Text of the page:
Artist Column: Amartya Ghosh

By Amartya Ghosh.

Sofar So Good.

Delhi doesn’t have a lot of venues that really throw the spotlight on the artist and unless your act is a cover belting, crowd-pleasing cash cow, you’ll probably end up shuttling between the same venues again and again. As a singer songwriter, reaching out to new listeners and audiences is of paramount importance and until you have the money and the courage to start organising your own concerts, house gigs are the only way to eliminate obnoxious gentlemen, annoying song requests, noisy blenders going off in the middle of your softest song and managers walking up to you and saying “thoda peppy bajao!” (Make it peppier!).

14615874_1290971537614634_1906230279942427757_oFor the uninitiated, house gigs are gigs held at people’s homes (usually with their permission), the organiser decides how to get the audience and how much they should pay, the back line is usually minimal and the performer is a few meters away from the audience. They might not pay as well as your garden-variety pub gig  (though some of them do) but they are and always will be my favourite kind of gig. Small audiences that have nothing else to distract them but the occasional plane flying overhead, are really the best.

House gigs give you the perfect opportunity to play your songs and get the kind of reaction you’ve always wanted from a pub gig but rarely get. Of course there are problems with house gigs. The dudes who set up bars in the back of the roof and invariably get drunk and loud at some point (but somehow never slip and fall), that one guy who shows up with a guitar and insists on jamming, loud people in general, snooty little guy in a suit who has a built in filter for the words “please put your phones on silent” but the biggest problem is always the back line.

I’ve played acoustic guitars through gain-y guitar amps and electric guitars through the P.A. I’ve sung out of gain-y guitar amps, or played at a volume where my acoustic was just as loud as the P.A. When you play a house gig you leave the stage and everything that comes with it behind you and trade in for an audience that cares about your music. Sofar was different.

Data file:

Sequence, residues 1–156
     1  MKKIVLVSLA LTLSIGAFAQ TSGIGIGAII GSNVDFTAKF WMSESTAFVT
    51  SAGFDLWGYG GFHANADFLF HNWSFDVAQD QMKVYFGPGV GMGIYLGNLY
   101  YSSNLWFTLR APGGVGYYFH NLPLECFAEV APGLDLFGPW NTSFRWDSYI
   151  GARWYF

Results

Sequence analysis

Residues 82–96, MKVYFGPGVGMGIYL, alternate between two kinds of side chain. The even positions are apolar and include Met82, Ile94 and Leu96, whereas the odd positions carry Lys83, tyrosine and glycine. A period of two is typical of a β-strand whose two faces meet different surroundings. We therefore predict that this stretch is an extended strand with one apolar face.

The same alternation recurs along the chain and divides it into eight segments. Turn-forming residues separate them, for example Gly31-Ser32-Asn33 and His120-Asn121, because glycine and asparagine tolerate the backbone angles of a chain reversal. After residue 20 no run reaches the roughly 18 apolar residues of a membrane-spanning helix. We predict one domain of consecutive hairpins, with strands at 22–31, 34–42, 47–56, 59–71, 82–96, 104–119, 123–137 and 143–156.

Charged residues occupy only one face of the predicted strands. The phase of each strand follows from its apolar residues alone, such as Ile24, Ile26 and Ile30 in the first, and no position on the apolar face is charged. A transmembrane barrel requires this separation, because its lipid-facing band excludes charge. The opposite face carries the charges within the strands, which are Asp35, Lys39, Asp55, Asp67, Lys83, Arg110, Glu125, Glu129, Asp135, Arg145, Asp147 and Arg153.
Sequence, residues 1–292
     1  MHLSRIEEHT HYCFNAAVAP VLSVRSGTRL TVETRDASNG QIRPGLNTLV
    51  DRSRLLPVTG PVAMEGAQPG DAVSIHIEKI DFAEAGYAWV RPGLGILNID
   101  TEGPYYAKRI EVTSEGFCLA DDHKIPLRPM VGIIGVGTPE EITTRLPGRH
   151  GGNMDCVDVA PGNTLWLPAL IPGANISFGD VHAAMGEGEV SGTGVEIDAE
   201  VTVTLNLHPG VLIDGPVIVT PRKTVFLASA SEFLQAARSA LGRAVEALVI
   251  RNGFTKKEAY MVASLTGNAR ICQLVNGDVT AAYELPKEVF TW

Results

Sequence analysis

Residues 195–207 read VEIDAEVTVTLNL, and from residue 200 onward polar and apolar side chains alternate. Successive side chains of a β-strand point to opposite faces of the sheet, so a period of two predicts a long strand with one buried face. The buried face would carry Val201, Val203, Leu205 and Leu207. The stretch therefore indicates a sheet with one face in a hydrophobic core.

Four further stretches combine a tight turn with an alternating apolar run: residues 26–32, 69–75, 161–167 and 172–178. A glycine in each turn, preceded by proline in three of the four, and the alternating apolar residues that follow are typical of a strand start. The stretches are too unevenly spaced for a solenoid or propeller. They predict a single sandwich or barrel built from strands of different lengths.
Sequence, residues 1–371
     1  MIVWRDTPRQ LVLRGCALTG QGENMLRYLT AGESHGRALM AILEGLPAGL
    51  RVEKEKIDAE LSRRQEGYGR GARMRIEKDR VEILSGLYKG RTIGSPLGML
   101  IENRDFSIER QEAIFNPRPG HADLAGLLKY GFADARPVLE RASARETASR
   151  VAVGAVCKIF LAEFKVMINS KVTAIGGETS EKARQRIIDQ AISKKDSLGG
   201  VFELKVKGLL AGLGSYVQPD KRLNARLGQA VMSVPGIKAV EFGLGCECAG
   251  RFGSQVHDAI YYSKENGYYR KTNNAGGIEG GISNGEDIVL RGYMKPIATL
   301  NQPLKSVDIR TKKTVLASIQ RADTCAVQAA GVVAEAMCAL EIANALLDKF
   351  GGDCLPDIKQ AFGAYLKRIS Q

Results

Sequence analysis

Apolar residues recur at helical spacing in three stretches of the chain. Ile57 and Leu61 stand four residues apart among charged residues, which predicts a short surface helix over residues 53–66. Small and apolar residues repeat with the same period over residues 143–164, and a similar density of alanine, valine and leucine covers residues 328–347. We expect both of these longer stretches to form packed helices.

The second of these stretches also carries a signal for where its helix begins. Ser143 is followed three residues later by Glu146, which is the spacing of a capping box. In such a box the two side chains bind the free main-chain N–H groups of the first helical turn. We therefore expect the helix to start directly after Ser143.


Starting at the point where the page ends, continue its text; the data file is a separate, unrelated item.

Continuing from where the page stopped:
For the first time in a long (really long ) time I came across organisers who were punctual, a back line at a house gig that was just perfect, an actual real sound engineer (my favourite, Mr. Krishna Rao), a curated line up and a curated audience. This was one of those gigs that leave you feeling,

“So what if I’m an indie artist who never has enough, things are looking up”.

As the sun came down Subhadra and I took the stage. It took us about twenty seconds to soak in the vibe from that crowd and get the ball rolling. Our setlist was small (four songs) and I can only count one other gig where four songs were enough to set the vibe and come out feeling great.

It was mesmerising to see Luiza and Pedro who left me wanting more, and Zoya who broke a lot of myths about singer songwriters that night. I got to listen to two fantastic acts, a few listeners who’ve stuck with me since, but what tops my list is the beautiful video that Jayant shot and edited and Krishna mixed. As an indie artist having shareable content is more important than a pair of lungs and to have a nice sounding, good looking video on a platform with thousands of listeners goes a very long way and I got just that out of my Sofar gig.

In recent times Delhi has seen a number of festivals, venues and initiatives direct towards giving indie artists a stage they can trust and Sofar definitely makes it to that list. I sincerely hope the Sofar team finds all the success they seek and makes it easier for indie musicians and listeners to thrive in Delhi.

To attend a Sofar Sounds Delhi NCR show click here.

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